again as you did in the case of Muktar Ibrahim, Yassin Omar, Ramzi
Mohammed and Hussain Osman?  

For the avoidance of doubt, the tape recorded material I am asking about
is the material you have already told me you might have but you’re not
confirming or denying it.

2.  If the tape recorded material has been disclosed, please send me a
copy of the disclosure schedule. Not that I’d suspect for one moment that
you might be dishonest you understand.

DECISION

The Metropolitan Police Service (MPS) has completed its review and has
decided to:

* Set aside the original decision

REASON FOR DECISION

The initial MPS response (dated 5/12/11) explained for question one that
the MPS has followed the disclosure rules in relation to the trial.  It
was confirmed that the disclosure of evidence has been exhaustive and
extensive and that all disclosure has been overseen by Counsel.

It was additionally explained that the answer to question one was provided
under our duty to assist but that as the question is not technically for
‘recorded’ information  as defined by Section 8 (2)(c) of the Act in as
much as you appear to seek opinion), it could be seen as an invalid
request.

The original response explained that in respect of question two,
information is exempt by virtue of Section 30(1)(a)(b)(c)(Investigations)
of the Act. It was explained that under Section 30(1)(a)(b)(c) of the Act,
Public Authorities are able to withhold information if it was obtained or
recorded for the purposes of investigations, criminal proceedings or civil
proceedings.

In respect of question two, the MPS originally tried to answer your
request as fully as possible by separating your request for the disclosure
schedule from the tape recorded information you also refer to.

On review, and on seeking further clarity from you in my email (dated
6/2/11), I asked you to provide me with the FOIA case reference number for
the previous request you wished me to refer to in question two. I asked
this as only on understanding exactly what tape recorded information you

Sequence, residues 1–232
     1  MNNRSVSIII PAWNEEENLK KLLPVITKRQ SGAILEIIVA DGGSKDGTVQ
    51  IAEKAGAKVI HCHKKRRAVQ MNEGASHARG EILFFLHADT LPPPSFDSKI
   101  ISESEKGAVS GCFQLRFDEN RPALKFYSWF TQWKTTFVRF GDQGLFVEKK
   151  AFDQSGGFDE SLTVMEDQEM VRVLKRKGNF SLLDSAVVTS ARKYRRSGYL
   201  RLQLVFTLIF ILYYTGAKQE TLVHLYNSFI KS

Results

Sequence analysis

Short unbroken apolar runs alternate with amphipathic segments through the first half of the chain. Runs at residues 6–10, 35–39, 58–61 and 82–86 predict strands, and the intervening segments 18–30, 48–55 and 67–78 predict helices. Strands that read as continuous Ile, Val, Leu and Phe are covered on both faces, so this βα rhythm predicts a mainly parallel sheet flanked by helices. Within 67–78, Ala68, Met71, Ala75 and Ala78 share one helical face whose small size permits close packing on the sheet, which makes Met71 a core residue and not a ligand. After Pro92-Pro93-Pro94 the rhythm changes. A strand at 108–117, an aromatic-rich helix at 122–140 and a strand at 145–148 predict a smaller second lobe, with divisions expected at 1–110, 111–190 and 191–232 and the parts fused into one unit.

seek would enable me to answer question two fully.

You responded to me on 6 February 2010, claiming I was attempting to make
matters unnecessarily complicated to deter you from pursuing your request
for information. I wish to clearly state this was not the case.

You then proceeded to clarify that on 25/1/11 you made an FOIA request for
a copy of a tape recorded meeting between you, Ann Buckley, John Brigden
and a fourth person whose name you cannot remember. This request was
logged under case number 20110200000590.

You explained in your email that you are now asking whether or not the
tape recording of this meeting was disclosed to solicitors representing
Gary Dobson and David Norris in their trial for the murder of Stephen
Lawrence. In consideration that this is the very crux of your initial
request and that this point in itself was not referred to in the original
response, I will now confirm the MPS remain required to neither confirm
nor deny whether the MPS holds the tape recorded information you refer to.
The MPS is also required to neither confirm nor deny whether the
information you refer to was required to be disclosed or was disclosed to
the solicitors of Gary Dobson and David Norris.

In consideration that your second request only seeks the disclosure
schedule only if the tape recorded information was disclosed to the
defence, I am not required to consider the disclosure schedule within the
remit of this review.

I have considered your original request for information within the
provisions set out by the Freedom of Information Act 2000 and have today
decided that Section 40(5) is engaged.

This letter consequently represents a Refusal Notice under Section 17(1)
in accordance with the Freedom of Information Act 2000 (the Act).  Please
see the Legal Annex for extracts of the legislation referred to in this
response.

The Metropolitan Police Service neither confirms nor denies that it holds
the requested information, as the duty in Section 1(1)(a) of the Freedom
of Information Act 2000 does not apply by virtue of the following
exemption:

Section 40(5) - Personal Information
When processing requests for information under the Freedom of Information
Act, public authorities have two duties to consider.  Section 1(1)(a) is
the duty to confirm or deny that the requested information is held, and
section 1(1)(b) is to the duty to communicate the requested information to